Elizabeth Raniere

Obituary of Elizabeth Raniere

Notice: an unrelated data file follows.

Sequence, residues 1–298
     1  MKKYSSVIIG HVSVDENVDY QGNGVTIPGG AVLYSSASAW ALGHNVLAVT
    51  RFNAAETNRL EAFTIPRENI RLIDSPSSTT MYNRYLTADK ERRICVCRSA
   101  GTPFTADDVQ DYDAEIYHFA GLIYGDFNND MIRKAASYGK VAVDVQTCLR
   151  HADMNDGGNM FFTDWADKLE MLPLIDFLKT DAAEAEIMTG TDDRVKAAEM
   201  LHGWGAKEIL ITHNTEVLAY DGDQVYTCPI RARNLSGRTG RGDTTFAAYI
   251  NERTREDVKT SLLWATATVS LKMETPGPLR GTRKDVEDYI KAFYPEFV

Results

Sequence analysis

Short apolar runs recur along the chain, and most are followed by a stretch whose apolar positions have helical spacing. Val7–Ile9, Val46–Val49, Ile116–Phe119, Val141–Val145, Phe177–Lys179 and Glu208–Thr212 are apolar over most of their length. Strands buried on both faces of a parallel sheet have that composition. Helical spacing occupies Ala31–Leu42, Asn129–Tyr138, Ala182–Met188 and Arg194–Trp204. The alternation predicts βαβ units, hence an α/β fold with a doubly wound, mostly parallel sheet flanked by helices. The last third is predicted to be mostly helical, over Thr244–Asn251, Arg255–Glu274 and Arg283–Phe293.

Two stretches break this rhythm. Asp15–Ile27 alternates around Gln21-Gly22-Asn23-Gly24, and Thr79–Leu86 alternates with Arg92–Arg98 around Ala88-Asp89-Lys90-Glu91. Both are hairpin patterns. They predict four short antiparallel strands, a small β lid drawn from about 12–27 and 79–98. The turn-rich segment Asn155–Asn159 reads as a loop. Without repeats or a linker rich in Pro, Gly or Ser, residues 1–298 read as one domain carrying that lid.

Elizabeth C. Raniere, a woman who devoted her life to her family, passed away with her family at her bedside at the Kaplan Family Hospice House in Danvers on Monday evening, June 21, 2010. She was 71 years old. Elizabeth was born in Boston, the daughter of the late Peter and Margherita Raniere. She was a graduate of Girls High in Boston. She had worked as a bookkeeper for Gorney Beauty Salons and the Beauty Faire. Elizabeth had a number of interests. She enjoyed touring art museums and loved going to the casino. She mostly enjoyed her home and was always working on decorating and home improvement projects. She was deeply dedicated to her family and lovingly cared for her disabled mother for 13 years. She shared a home with her sister and brother. For the past several years, they shared a home with her daughter, son-in-law, and grandson Peter who was the apple of her eye. She loved being around her family. She enjoyed cooking and entertaining and had a talent for making Italian pastries so much that some referred to her as the “Cannoli Queen” . Her only fault was that she was always in the kitchen. In her final days, her family supported and cared for her, just as she had done them countless times before. Elizabeth was the loving mother of Nadine Thys & her husband, Robert, of Burlington. Sister of Rose Boisvert, William Raniere both of Burlington, Raymond Fabian & his wife Maureen of Pelham, NH and the late Phyllis Oschman. Devoted grandmother of Peter Thys of Burlington. A Mass of Christian Burial will be held in St. Malachy’s Church, 99 Bedford St., Burlington on Saturday, June 26 at 12:30 p.m. Visiting hours will be held prior to the Funeral at the Edward V. Sullivan Funeral Home, 43 Winn St., BURLINGTON (Exit 34 off Rt. 128, Woburn side) on Saturday from 10:30 a.m. - 12:00 p.m. Relatives and friends are respectfully invited. Interment will be private. Memorials in Elizabeth’s name may be made to Hospice House of the North Shore, 75 Sylvan St., Suite B-102, Danvers, MA 01923. Family Remembrance I want to thank all of you, on behalf of my family, for coming today. Over my mother's final days the outpouring of support and the steady stream of visitors she had gave strength to our family and helped my mother leave this earth draped in a blanket of love. It is difficult to condense the true essense of such a beautiful person into five minutes. So, I will use two words to describe my mother...sacrifice and unconditional. My mother had a deep, intense and unconditional love for her family. She sacrificed herself to care for an ailing mother and took on one of the toughest jobs there is in life, being a single parent. Her job was even tougher because she was a single parent at a time when being so carried a big social stigma. Fortunately, the deep bonds of love of our family supported and protected us. And she persevered. Elizabeth Christine Raniere, also known as Betty, but to me always Mom. But even more than that, she was my best friend. She was my conscience, my spiritual guide, and an example of the most unselfish love I have ever known. She was also a person who lived by principle. In Paul's letter to the Corinthians, Paul notes that Love is patient, love is kind. It does not envy, it does not boast, it is not proud. 5It is not rude, it is not self-seeking, it is not easily angered, it keeps no record of wrongs. 6Love does not delight in evil but rejoices with the truth. 7It always protects, always trusts, always hopes, always perseveres. My mother was the embodiment of that type of love and imparted that to me as the most precious gift someone could ever receive. The thing many would notice about my mother was her smile. She had the most beautiful one I've ever known, and it has been embedded in my mind no doubt since I was a young child. Over the years her smile did not dim even though she was experiencing increasingly greater difficulty from various illnesses. Now, as I write about her, that smile burns through the fog of sadness and the haze of tears and reminds me how much she loved me and everyone in our family. Mom's beginnings were modest. She was born in 1938 and was the youngest of her siblings. She and her brothers and sisters lived with their mother and father in cold water flat in North End of Boston and then the West End. While her father was a theater manager and had a steady job, they still lived sparely but managed to get by on what little they had and lots of love. She went to the Blackstone School and then Girls High. At the age of 16 she went into Boston and entered the working world, taking a job with Gorney Beauty Salons where she worked in their corporate office. She had such style and fashion sense that she was known as the glamour girl with her haute couture styles and perfectly manicured nails. By the time she was 20 though, her mother, my grandmother had a major stroke and was from then on was an invalid. At that point mom sacrificed her dreams and ambitions of being a writer, and lovingly took care of her mother. When my grandmother was sent home from the hospital the doctors told the family that she would live 6 more months at best. My mother's total and utter devotion to my grandmother inspired a miraculous event and my grandmother lived for 13 more years. Mom and her siblings were so very close that they shared everything and loved each other so irrevocably and completely, their bond remained throughout life, transcending distance and has never been broken, not even now with her passing. Their kind of love is that unconditional and eternal type that poets write about and regular folks hope to attain someday. My mother loved her family and friends so earnestly and unendingly that absolutely nothing could shake its tenacity or endurance. I know that even if Mom didn't like something I did it meant nothing compared to how much she loved me. The power of that love overcame any kind of adversity, thus letting me know that I mattered more than everything and anything else. Betty and family are synonymous. I will cherish a warm and loving memory of my mother. I will miss our heated debates about life and religion. I will miss those chubby arms reaching around me to give the most unexpected strong hug. I will miss going to her home and being welcomed by the most delicious aroma of homemade food that was spiced with love. I will miss her humor and her practical jokes. I will miss our daily telephone calls where she always had some words of wisdom for me, whether I wanted it or not. I would like to believe that we shall meet again in another dimension and time but until then, arriverderci Momma, te amo grande. Thank you.